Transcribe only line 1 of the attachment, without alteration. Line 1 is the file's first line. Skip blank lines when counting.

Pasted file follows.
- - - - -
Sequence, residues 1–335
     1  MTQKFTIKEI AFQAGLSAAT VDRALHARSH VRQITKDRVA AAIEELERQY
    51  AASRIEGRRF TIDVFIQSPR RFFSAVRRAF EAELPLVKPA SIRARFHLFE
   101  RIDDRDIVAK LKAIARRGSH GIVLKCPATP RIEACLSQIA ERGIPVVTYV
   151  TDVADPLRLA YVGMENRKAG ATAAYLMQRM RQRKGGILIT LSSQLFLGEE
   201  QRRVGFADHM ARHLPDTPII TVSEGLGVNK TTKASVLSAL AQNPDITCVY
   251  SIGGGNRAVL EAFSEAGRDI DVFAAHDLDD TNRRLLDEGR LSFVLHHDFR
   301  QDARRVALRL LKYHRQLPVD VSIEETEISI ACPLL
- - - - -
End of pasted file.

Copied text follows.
Sequence, residues 1–335